Fig. 2 Hofstadter butterfly.

In Eq. 3, we set on-site potentials Embedded Image MHz and coupling Embedded Image MHz. (A) Data similar to Fig. 1D, averaged squared FT magnitude, are shown for 100 values of dimensionless magnetic field b ranging from 0 to 1. (B) For each b value, we identify nine peaks and plot their location as a colored dot. The numerically computed eigenvalues of Eq. 2 are shown as gray lines (21). The color of each dot is the absolute value of the difference between the measured eigenvalue and the numerically computed one.

For large lattices, it is known that for rational b, all energy bands split into subbands, and for irrational b, the spectra become fractal and form a Cantor set. Because there are only nine sites, what is seen in Fig. 2A are the remnants of those bands. Nevertheless, the overall measured spectrum still resembles a butterfly. We focus on this pattern of level crossings and meanderings and ask how well the measurements match simulation. In Fig. 2B, we present the numerically computed eigenenergies with solid gray lines and the measured peaks from Fig. 2A with colored dots (21). The color of the dots shows the distance in megahertz of the peaks from the simulation values. The deviations are mainly systematic calibration errors, and occasionally an erroneous peak is identified in the subroutine. The average deviation is 3.5 MHz. This implies that we can set the matrix elements of the Hamiltonian, which in this case includes Embedded Image terms, with <2% error. This capability of controlling a large quantum system is achieved through careful modeling of the qubits as nonlinear resonators.

By placing two photons in the system, we next study the simplest interacting bosonic cases (Embedded Image, with no mapping to electronic system). The rest of the data presented in this work are obtained by using the following procedure (two-photon protocol). We realize a quasi-periodic disorder potential by setting Embedded Image. In total, four different irrational values of b are randomly chosen from [0,1], and the corresponding results are averaged. The irrational choice of b ensures that the periodicity of the potential and lattice are incommensurate. In Eq. 2, we set Embedded Image MHz, which results in Embedded Image. The initial states are made by placing two qubits (Embedded Image and Embedded Image) in the superposition of the Embedded Image and Embedded Image states. We measure two-point correlations and construct Embedded Image. The peaks observed in the FT of Embedded Image are the eigenenergies of HBH in the two-photon manifold (21).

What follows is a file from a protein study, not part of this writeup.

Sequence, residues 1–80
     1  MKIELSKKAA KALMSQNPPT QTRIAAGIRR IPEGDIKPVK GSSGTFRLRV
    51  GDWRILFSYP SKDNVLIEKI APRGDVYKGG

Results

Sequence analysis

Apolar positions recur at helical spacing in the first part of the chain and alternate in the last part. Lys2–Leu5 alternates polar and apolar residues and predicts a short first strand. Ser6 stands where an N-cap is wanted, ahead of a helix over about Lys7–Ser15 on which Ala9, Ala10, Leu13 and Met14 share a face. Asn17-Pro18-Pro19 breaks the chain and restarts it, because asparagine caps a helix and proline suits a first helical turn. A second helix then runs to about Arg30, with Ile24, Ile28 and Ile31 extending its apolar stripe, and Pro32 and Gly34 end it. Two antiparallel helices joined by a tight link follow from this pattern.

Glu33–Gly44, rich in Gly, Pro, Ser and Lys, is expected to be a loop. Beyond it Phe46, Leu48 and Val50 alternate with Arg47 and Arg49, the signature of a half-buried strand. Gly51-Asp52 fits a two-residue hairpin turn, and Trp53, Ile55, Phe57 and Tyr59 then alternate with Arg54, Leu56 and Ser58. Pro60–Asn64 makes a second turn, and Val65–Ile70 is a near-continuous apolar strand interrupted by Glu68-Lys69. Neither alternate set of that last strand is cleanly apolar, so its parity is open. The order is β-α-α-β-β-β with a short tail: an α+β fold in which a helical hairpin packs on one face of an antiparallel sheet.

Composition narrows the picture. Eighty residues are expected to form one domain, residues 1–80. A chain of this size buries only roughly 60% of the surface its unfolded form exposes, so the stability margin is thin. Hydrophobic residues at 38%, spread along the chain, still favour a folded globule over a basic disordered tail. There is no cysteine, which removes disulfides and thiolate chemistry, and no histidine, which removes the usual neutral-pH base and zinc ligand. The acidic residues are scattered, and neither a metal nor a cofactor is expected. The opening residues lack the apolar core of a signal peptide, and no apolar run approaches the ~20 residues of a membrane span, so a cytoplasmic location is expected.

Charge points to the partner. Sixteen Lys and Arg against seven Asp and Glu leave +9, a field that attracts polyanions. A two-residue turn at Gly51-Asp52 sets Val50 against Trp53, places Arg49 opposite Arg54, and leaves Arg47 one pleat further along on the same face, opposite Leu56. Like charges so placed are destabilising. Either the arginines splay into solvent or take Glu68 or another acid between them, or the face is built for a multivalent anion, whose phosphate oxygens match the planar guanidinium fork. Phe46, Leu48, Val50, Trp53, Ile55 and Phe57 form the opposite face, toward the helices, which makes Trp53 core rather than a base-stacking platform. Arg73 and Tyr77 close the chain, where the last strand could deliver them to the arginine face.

Perhaps the most direct way of examining ergodic dynamics and its breakdown is by studying the distribution of the energy levels (2931). Using the two-photon protocol, we measure the evolution of Embedded Image for various strengths of disorder Embedded Image. We identify the peaks in the FT of Embedded Image as the energy levels Embedded Image(fig. S3). Let Embedded Image be the nearest-neighbor spacings (Fig. 3A), and level separation uniformity Embedded Image. From our measured Embedded Image, we compute the associated Embedded Image and construct their probability distribution (PD) (Fig. 3B). For low disorder, the PD is mainly centered around the Embedded Image values close to half, and with an increase of disorder, the histogram’s peak shifts toward smaller Embedded Image values.

Fig. 3 Level statistics in a disordered potential.

In Eq. 2, we set hopping to Embedded Image MHz, which fixes Embedded Image. To obtain a disordered potential, we set Embedded Image with four different irrational values of Embedded Image chosen and the results averaged over b. (A) The schematic of energy levels shows how Embedded Image is defined. (B) The histogram of Embedded Image measured for various values of disorder Embedded Image is presented as a color plot. (C) The measured histogram Embedded Image of Embedded Image for Embedded Image and 5. The dashed lines are plots of Embedded Image and Embedded Image according to Eq. 4, and the solid lines are numerical simulations (21). The change from the GOE toward the Poisson distribution is indicative of vanishing of level repulsion with increase in Embedded Image.